Gene Hackman can be utterly charming when he's playing a hero, but it's always fun to see him play a villain. Considering that he was the protagonist in many political thrillers in the 1960s and 1970s, it was interesting to see him play one of the main antagonists in the 1987 espionage film "No Way Out." The film is told in flashbacks as U.S. Navy Lieutenant Commander Tom Farrell (Kevin Costner) recounts the events that led him to meet the U.S. Secretary of Defense, David Brice (Hackman).

Farrell is cordially introduced to Brice at a party thanks to their mutual friend, Scott Pritchard (Will Patton). It's a fascinating scene to rewatch once you know the plot twist because you can see the tension that is already boiling between Farrell and Brice. Farrell's position is compromised when he begins to fall in love with the woman Susan Atwell (Sean Young), who is also having an affair with Brice. When she is mysteriously killed, Farrell suspects that Brice is the culprit. Hackman does a great job of retaining his composure when Brice's honor is questioned. It's clear that a man of his experience has had to deal with difficult situations before, and that he has learned how to mask his motivations. However, he's also remarkably vulnerable during the scenes with Young. She is able to catch him off guard, which makes their chemistry even more electrifying.

12. Downhill Racer (1969)

"Downhill Racer" is an inspirational sports film that simply does everything right. While this is a genre that has its cliches, this entry is completely focused on the characters in competition and how they are driven to pursue their passions. Based on Oakley Hall's novel "The Downhill Racers," Michael Ritchie's film follows a group of American skiers who participate in an international competition in Europe. Tensions arise within the group as the skiers' clashing personalities threaten to thrust them into chaos.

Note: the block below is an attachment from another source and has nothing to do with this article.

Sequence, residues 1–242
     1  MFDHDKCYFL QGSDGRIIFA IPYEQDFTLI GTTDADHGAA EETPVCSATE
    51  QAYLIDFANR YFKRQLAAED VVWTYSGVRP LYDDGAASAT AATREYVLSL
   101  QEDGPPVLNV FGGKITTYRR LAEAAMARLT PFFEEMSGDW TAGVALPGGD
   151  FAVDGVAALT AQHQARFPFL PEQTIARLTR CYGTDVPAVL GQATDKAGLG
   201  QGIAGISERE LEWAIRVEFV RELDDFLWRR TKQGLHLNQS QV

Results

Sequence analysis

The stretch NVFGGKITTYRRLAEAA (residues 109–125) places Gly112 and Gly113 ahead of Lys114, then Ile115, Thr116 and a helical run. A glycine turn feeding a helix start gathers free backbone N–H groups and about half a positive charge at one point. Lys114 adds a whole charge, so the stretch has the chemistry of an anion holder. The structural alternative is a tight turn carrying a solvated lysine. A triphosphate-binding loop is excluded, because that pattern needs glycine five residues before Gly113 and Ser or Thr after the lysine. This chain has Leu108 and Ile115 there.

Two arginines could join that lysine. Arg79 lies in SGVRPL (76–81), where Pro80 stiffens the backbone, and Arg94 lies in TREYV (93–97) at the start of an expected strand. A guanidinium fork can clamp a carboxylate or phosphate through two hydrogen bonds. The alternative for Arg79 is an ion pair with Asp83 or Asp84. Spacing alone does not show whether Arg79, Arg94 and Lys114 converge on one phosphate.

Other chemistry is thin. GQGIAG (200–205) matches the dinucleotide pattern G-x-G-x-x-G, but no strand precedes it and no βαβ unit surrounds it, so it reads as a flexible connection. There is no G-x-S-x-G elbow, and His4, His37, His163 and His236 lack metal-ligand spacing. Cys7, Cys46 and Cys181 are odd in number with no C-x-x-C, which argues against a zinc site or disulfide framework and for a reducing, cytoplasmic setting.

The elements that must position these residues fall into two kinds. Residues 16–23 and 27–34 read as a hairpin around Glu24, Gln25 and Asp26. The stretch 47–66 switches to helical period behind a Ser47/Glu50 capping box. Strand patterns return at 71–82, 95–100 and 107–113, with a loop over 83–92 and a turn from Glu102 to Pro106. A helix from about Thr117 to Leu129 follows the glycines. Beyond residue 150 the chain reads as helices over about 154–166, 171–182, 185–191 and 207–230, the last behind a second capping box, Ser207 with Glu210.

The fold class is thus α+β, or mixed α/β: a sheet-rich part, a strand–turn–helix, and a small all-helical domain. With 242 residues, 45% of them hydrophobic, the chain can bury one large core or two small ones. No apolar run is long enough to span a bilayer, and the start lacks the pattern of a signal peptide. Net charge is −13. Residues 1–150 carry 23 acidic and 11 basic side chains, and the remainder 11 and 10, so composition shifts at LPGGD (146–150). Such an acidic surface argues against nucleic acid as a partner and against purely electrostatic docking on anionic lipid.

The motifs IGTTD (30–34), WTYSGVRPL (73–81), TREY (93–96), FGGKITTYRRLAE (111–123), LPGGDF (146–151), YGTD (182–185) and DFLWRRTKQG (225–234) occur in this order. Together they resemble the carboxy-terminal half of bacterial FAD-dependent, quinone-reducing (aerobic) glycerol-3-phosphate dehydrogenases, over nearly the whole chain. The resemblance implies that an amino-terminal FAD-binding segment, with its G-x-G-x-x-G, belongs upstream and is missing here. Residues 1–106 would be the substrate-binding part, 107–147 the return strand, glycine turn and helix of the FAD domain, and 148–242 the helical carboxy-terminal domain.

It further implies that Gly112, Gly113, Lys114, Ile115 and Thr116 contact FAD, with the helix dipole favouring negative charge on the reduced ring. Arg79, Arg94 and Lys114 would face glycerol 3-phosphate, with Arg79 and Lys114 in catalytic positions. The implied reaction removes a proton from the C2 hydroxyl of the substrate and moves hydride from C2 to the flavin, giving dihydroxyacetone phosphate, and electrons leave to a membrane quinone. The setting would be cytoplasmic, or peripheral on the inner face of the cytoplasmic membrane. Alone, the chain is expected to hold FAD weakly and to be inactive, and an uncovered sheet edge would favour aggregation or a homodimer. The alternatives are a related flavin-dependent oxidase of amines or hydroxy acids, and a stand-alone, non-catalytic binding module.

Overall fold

Gene Hackman delivers one of the definitive "movie coach" performances of all time as the ski group's leader, Eugene Claire. He wants to push his team to succeed but feels that the up-and-coming skier David Chappellet (Robert Redford) is too ambitious for his own good. Chappellet is narcissistic and unbearably arrogant, which sparks conflict with the other members of the team. Hackman shows the difficult position that Claire is in, recognizing Chappellet's obvious skill while reckoning with the fact that he is a liability in competition. Hackman provides a voice of reason during the climactic scenes in between the actual ski jumps. Although "Downhill Racer" features some of the most gorgeous alpine sequences ever filmed, the scenes in between the actual competitions are just as engaging.

11. Get Shorty (1995)

Although he's known for playing ruthless detectives, police officers, and members of the armed services, Gene Hackman isn't given enough credit for how funny he can be. The 1995 comedy "Get Shorty" pokes fun at gangster movie cliches from the perspective of those that have experience in the film industry. Are there any two subjects that Hackman knows more about? The film follows the Miami loan shark Chili Palmer (John Travolta), a self-described "movie buff" who is sent to collect a debt from the film director and producer Harry Zimm (Hackman). Once a respectable member of the industry, Zimm currently works on low-budget "B movies" and is saddled with personal debt. Zimm has lost his enthusiasm for film but becomes re-engaged when Chili pitches him on a story about a mobster looking for a dry cleaner's debt. What he doesn't know is that this story is based on Chili's real life.